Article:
• Nucleus: Kentucky’s Life Sciences and Innovation Center, LLC:  Nucleus Healthcare was formed in February 2008 and subsequently renamed  Nucleus: Kentucky’s Life Sciences and Innovation Center, LLC (Nucleus). Its purpose is to integrate University resources, including life sciences, with those of the region, specifically as it relates to building and maintaining a research park in downtown Louisville. The foundation is the sole member of Nucleus and UHI is the Manager.

• AFF: AAF is a limited liability company formed in February 2008, whose sole member is ULF. Its purpose is to develop and manage the real estate operations of Cardinal Station, the health care complex on the far south side of the Belknap complex. UHI is the Manager of AAF.

• MetaCyte Business Lab: MetaCyte is a limited liability company formed in June 2002. Its purpose is to identify and support commercially promising health science discoveries in the region. ULF is the sole member of MetaCyte and UHI is the Manager.

• MetaCyte Equity Holdings: MetaCyte Equity is a limited liability company formed in February 2006. Its purpose is to hold the equity shares obtained by MetaCyte through development with start-up corporations. As of June 30, 2012 no equities have been transferred and MetaCyte Equity has had no activity since inception.

• Phoenix Place LLC – Louisville: PPL is a limited liability company formed in April 2009, whose sole member is the foundation. Its  purpose is to develop and manage the real estate purchase and development of property near the health sciences campus of the University. UHI is the Manager of PPL.

• Louisville Medical Center Development Corporation: LMCDC is a non-stock, non-profit corporation purchased in October 2008. Its purpose is to hold and administer tax incremental financing (TIF) for the Louisville Life and Health Sciences Signature TIF project and in promotion and development of joint medical or medical related projects.

• KYT-Louisville, LLC: KYT is a limited liability company formed in November 2008, whose sole member is the foundation. Its purpose is to develop and manage the real estate purchase and development of property adjacent to the University. UHI is the Manager of KYT.

• Minerva-Louisville, LLC (Minerva): Minerva Minerva is a limited liability company formed in September 2011, whose sole member is the foundation. Its purpose is to serve as a vehicle for the efficient administration of various deferred compensation plans, agreements, and understandings. UHI is the Manager of Minerva.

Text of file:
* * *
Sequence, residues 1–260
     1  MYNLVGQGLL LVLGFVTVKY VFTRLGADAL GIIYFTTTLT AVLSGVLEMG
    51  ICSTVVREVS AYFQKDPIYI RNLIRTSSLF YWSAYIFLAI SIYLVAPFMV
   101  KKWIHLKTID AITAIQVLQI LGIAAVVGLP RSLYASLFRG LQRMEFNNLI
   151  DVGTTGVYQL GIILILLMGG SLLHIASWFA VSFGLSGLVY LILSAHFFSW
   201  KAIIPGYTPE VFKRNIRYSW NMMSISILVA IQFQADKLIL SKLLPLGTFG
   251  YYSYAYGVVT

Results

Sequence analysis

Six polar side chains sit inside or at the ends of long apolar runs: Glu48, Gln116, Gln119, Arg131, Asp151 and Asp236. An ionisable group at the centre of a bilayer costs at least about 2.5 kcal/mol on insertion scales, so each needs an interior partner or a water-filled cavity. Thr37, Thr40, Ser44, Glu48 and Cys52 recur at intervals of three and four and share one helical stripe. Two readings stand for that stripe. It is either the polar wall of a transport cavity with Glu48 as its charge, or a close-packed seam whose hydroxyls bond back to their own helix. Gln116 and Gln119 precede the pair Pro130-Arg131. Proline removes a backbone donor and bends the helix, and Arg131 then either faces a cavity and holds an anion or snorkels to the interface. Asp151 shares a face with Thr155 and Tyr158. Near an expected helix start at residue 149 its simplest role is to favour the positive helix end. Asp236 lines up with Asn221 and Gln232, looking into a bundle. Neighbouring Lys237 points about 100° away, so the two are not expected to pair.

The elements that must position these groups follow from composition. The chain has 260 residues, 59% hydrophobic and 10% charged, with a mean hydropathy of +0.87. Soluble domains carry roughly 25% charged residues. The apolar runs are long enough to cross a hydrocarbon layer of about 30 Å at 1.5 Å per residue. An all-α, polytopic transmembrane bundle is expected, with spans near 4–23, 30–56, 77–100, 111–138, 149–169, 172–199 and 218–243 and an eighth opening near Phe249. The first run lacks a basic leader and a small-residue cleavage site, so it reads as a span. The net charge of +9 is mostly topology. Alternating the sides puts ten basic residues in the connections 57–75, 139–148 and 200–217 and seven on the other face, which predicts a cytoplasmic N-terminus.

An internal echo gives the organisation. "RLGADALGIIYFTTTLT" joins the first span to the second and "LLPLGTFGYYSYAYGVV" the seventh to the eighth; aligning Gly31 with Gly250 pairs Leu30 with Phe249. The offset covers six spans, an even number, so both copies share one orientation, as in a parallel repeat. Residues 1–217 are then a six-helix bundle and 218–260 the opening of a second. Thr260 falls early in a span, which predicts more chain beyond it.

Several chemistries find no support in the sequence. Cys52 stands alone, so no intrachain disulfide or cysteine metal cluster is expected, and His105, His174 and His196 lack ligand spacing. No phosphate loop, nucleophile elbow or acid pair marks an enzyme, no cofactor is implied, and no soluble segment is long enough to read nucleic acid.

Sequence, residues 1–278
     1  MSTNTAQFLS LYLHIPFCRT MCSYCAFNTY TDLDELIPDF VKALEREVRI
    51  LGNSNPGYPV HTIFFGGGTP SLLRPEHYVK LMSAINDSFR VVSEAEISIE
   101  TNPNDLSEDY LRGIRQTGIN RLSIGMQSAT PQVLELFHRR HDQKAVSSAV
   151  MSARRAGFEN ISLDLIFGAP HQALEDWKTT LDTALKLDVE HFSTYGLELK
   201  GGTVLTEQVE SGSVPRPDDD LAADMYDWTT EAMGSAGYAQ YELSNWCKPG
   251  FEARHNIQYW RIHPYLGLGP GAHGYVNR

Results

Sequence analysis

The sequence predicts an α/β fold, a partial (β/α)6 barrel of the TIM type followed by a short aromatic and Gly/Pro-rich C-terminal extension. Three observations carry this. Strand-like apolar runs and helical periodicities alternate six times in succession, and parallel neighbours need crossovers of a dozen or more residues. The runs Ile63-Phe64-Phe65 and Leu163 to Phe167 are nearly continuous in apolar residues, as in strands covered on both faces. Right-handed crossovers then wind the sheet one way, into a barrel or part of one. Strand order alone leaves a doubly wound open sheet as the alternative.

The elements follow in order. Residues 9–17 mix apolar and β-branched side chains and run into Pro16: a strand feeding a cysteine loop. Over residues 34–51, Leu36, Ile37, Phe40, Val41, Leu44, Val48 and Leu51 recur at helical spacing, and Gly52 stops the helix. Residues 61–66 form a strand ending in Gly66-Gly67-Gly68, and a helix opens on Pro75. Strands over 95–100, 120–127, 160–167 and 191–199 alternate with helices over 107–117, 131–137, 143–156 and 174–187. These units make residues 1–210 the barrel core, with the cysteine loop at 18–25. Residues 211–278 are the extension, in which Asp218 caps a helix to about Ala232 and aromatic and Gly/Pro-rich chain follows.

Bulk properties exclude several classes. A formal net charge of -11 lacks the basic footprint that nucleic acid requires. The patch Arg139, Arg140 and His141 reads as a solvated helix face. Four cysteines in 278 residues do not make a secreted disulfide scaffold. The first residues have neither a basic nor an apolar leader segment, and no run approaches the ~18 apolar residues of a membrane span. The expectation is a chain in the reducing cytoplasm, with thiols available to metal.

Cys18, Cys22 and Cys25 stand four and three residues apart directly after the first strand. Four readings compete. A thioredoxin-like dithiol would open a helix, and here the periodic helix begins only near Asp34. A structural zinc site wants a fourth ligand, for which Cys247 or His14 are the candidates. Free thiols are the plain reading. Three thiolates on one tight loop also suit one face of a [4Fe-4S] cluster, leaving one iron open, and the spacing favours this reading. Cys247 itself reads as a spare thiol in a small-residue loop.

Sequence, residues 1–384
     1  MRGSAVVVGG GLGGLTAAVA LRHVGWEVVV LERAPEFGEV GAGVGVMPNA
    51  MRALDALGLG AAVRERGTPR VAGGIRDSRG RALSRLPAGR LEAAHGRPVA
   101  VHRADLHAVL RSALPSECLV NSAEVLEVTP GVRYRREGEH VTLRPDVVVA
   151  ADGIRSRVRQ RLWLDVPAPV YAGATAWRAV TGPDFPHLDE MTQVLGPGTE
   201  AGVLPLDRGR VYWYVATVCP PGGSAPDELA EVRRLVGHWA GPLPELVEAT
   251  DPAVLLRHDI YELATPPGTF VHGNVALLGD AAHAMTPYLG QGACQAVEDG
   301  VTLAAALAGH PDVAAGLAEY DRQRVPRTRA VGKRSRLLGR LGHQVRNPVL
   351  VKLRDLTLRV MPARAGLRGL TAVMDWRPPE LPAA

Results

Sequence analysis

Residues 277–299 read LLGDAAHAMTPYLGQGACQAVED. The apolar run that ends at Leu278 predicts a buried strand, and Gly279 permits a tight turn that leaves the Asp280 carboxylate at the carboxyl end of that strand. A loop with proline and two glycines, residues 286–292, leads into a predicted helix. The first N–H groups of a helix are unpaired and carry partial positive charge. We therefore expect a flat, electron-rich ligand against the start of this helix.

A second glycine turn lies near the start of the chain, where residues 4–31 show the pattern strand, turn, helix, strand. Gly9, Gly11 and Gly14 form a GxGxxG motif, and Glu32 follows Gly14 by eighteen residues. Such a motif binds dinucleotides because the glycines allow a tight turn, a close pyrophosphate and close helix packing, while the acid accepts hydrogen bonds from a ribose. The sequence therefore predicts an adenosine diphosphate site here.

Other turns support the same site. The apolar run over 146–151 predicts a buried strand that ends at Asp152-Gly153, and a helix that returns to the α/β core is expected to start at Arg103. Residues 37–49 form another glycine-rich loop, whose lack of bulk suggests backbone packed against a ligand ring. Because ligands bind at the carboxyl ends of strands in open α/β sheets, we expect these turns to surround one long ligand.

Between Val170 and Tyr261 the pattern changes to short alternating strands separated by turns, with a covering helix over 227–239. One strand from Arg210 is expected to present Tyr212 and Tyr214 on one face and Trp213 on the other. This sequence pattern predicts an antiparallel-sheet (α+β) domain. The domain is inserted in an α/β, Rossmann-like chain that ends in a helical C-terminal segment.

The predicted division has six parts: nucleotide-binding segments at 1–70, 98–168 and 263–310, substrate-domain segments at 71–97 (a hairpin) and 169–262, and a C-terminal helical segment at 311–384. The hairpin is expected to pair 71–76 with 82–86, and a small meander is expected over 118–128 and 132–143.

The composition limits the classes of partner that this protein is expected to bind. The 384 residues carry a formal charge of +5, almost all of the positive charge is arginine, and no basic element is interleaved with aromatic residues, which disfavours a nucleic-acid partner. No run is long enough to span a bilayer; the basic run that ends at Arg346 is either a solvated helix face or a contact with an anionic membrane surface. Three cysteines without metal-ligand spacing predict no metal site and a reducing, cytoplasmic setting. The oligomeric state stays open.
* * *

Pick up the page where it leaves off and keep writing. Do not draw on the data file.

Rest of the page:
Picture 9The sports programs are run under another entity, the University of Louisville Athletic Association, which took in $71.5 million in the latest accounting period. That money is compartmentalized and does not go to academics.

How many of these corporations generate any revenue is unclear, though clearly, the $26 million contributed by school corporations to the latest budget is significant.

Other entities appear to be nominally successful through the magic of marketing:

Working with the UofL Office of Technology Transfer and Nucleus, MetaCyte is creating a seamless commercialization process that will yield viable, operating companies with a combined value in excess of $1B by 2020. Since 2002, MetaCyte staff has secured more than $16M in funding for its portfolio companies, which has created in excess of 40 high-paying jobs, and returned more than $11M to UofL for additional research.

So, let’s do the math. In 12 years, one U of L company, MetaCyte, has “secured more than $16 million” in funding for portfolio companies, according to the U of L budget document. Which works out to about $1.3 million per year, or about $32,500 spent to create each of those 40 high-paying jobs. But within the next six years, that number will jump magically to $1 billion.

Other deals we perceived as home runs have gotten curiously little mention from U of L’s marketing mavens. Late last year, Louisville-based pharma startup Regenerex, which is part of the Nucleus cadre of bio-medical companies, signed a global licensing and research agreement with Basel, Switzerland-based Novartis. Novartis is using its global reach and resources to develop and market Regenerex’s cell therapy regime. That regime helps patients survive without the need for lifelong immuno-suppression.

Success? No idea.

But how – more importantly, how well – this vast empire is administrated is unclear. In the past, U of L administrations including Ramsey’s have argued, for example, the foundation is private and refused to list donors until the courts ruled they must.

Across the United States, university foundations, which are huge pots of money, have proven notoriously vulnerable to poor stewardship, insider dealing and quid pro quo contracts for donations.

In 2005, for example, The Atlanta Journal-Constitution reported the University System of Georgia Foundation donor lists — disclosed only after a legal battle — revealed colleges awarding companies lucrative contracts after they made large donations to a fund that supplemented the University of Georgia chancellor’s salary.

The Courier-Journal fought in the courts – receiving favorable ruling after favorable ruling – for a decade for access to information about which people and businesses give to the U of L Foundation. The Kentucky Supreme Court ruled in 2004 the public has a right to know whether donors, especially those giving large sums, might be trying to influence university policies and decisions, according to the C-J website. You can access that database here.

But the university doesn’t compile and release such information. Also, it’s not clear if U of L uses the foundation for non-academic purposes, such as paying bonuses to university administrative executives. That transparency has become an issue after two trustees complained they can’t get answers to governance questions.

Picture 2What we do know is, the Ramsey Administration claims the third-lowest percentage tuition increase of all Kentucky state universities behind Morehead State University, and Kentucky State University.

State funding makes up about 11 percent of the university’s total revenue, according to U of L ‘s 2013/2014 operating budget.

That’s down from about 30 percent in the late 1990s. The university has had to rely more on income from tuition, which just went up 5 percent, the maximum permitted under state law.

Tuition and public money combined still account for $435 million of the $500 million, or about 87 percent of the total U of L budget.